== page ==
Prior to 1994, a person serving a life sentence in Pennsylvania had a fair chance of receiving a commutation from the clemency or a pardon. At that time, a prisoner only needed a 3-2 majority vote from the Pennsylvania Board of Pardons to be recommended for commutation. Unfortunately, one person changed all that.
In 1969, sixteen-year-old Reginald McFadden was convicted of first-degree murder, burglary, and aggravated robbery, along with other crimes, and was sentenced to life in prison. While in prison, he earned his high school equivalency diploma and certificates in haircutting and tree surgery and helped subdue a prison riot. McFadden applied for clemency numerous times over the decades, until finally, the Board of Pardons granted his request in a 4-1 vote. The governor pardoned him in 1994.
Three months after his release, McFadden went on a 92-day crime spree, brutally killing two people, raping another, and stealing and using his victim's credit cards. By 1995, he was back in prison and is currently serving two life sentences.
McFadden's Effect on Clemency in Pennsylvania
Pennsylvania lawmakers, abashed before a public furious at McFadden's pardon, made changes to the State constitution in 1997 to requires all five Board members to agree to a commutation recommendation instead of a simple majority.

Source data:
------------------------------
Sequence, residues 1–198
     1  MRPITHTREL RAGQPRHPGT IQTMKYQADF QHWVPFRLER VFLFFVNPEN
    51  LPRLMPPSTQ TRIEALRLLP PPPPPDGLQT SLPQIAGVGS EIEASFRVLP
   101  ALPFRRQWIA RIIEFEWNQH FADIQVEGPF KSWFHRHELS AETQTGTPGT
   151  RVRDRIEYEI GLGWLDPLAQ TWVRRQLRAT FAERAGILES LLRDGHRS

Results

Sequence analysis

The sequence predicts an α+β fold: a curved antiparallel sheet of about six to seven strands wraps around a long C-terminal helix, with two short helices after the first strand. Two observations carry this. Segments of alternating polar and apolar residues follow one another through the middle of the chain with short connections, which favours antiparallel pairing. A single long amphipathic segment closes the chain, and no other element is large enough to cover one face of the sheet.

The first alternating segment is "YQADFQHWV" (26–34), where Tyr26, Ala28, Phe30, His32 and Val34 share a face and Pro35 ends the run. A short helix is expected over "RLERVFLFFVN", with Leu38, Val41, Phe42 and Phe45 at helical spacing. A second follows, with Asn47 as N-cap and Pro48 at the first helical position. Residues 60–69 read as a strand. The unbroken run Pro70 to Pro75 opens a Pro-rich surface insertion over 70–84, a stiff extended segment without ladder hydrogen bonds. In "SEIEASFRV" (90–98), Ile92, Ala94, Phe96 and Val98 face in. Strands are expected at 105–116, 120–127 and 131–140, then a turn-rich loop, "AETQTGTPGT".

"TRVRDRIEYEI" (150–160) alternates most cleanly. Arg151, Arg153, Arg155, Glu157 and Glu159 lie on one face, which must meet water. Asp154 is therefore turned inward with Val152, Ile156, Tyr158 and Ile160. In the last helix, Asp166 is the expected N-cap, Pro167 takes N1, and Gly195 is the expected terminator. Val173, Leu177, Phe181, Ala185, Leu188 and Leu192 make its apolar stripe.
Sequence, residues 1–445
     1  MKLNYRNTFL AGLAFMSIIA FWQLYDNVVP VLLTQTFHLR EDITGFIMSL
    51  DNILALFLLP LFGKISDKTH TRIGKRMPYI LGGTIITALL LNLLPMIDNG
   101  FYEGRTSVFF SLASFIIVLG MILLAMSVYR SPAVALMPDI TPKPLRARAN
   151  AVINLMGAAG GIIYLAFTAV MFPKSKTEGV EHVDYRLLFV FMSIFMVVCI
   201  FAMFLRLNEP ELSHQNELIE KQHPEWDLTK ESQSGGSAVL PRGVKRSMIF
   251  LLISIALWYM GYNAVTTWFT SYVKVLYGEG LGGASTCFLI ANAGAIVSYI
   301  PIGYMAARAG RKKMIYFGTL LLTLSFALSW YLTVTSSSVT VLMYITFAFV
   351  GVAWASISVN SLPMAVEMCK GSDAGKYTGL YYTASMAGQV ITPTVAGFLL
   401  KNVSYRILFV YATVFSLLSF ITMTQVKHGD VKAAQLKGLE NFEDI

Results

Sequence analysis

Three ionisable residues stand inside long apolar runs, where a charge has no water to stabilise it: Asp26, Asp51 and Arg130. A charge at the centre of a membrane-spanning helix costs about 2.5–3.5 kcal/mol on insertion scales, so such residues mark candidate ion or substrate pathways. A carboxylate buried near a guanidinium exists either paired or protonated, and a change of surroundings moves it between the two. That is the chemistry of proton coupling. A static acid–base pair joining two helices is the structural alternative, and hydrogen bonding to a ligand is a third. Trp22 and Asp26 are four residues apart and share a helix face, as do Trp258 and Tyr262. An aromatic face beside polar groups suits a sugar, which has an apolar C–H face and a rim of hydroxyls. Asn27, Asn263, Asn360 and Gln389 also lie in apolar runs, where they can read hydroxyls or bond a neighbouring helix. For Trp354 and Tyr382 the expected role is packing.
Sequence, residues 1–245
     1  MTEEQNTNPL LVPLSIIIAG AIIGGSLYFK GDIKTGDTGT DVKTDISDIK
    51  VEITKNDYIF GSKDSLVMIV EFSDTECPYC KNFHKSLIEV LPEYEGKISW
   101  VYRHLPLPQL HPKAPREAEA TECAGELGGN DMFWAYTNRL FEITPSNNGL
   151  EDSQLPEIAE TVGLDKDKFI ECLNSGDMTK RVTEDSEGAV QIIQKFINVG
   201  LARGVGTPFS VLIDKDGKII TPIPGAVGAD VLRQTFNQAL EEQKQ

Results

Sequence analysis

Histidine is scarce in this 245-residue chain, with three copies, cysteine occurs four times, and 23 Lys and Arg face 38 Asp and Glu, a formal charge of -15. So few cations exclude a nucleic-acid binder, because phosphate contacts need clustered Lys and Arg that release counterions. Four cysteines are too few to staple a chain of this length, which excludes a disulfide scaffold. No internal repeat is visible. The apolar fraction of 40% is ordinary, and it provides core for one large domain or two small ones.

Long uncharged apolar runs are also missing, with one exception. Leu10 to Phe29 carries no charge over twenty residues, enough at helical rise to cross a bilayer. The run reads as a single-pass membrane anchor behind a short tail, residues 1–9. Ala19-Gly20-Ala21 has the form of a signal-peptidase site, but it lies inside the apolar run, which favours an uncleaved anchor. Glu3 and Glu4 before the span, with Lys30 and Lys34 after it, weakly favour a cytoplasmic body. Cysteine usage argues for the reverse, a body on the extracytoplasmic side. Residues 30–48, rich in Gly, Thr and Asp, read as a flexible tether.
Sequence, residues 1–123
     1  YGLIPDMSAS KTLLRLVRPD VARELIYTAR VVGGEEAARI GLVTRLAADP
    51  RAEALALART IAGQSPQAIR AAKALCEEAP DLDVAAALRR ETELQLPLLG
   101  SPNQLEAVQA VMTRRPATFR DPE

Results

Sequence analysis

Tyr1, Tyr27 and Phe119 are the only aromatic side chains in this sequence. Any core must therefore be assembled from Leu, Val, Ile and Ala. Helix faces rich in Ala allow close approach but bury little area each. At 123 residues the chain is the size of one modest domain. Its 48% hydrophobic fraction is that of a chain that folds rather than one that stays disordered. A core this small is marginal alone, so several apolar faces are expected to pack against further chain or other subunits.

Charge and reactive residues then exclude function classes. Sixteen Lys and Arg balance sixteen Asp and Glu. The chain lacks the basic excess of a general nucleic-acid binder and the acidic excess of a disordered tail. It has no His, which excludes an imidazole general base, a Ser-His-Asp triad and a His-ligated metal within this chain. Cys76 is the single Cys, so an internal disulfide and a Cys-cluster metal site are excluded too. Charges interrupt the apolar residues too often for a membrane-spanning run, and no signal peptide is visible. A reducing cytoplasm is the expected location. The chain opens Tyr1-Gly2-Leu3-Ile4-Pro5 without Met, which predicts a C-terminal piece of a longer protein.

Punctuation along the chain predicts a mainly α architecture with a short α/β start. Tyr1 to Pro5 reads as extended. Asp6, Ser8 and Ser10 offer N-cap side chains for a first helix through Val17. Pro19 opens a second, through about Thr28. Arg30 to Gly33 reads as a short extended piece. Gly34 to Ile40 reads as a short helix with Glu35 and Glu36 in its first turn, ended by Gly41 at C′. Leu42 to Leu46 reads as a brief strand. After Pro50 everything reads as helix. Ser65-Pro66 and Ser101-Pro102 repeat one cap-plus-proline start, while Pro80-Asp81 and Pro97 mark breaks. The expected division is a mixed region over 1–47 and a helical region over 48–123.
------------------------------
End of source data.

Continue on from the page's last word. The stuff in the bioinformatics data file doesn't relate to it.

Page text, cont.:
Many people–especially lifers in prison–saw this high threshold as effectively ending the clemency process because reaching a unanimous agreement is rare. Indeed, between 1997 and 2018, only ten lifers received commutations.
A Fresh Look at Commutation
But change is in the air. With new calls for prison reform across the country and the efforts of Lt. Governor John Fetterman, there has been a bipartisan effort in Pennsylvania to lower the threshold for commutation recommendations once again. What's more, the Board has already implemented several changes to the Pennsylvania clemency process. Among other things, it has made the application process more user-friendly, eliminated the application fee, and expedited the application process for nonviolent marijuana-related offenses.
In February 2021, Governor Wolf commuted the sentence of 13 people from life in prison to life on parole. These included Reid Evans and Wyatt Evans, who, after carjacking a man at gunpoint in 1981, were sentenced to life in prison because their victim died of a heart attack the next day. The death of their carjacking victim turned the charge against them into felony-murder, even though they did not directly cause his death. They served nearly 40 years in prison.
Roughly half of the sentences Governor Wolf has commuted have been for felony-murder convictions.
Might you be eligible for a commutation?
Getting a sentence commuted in Pennsylvania is a complicated legal issue. For your best chance of success, you need an experienced criminal defense lawyer by your side. Reach out to attorney Joseph D. Lento and his team at the Lento Law Firm to learn more about whether you might be a good candidate for having your sentence commuted. Schedule a case consultation by calling 888-535-3686 or by reaching out via the Firm's online form.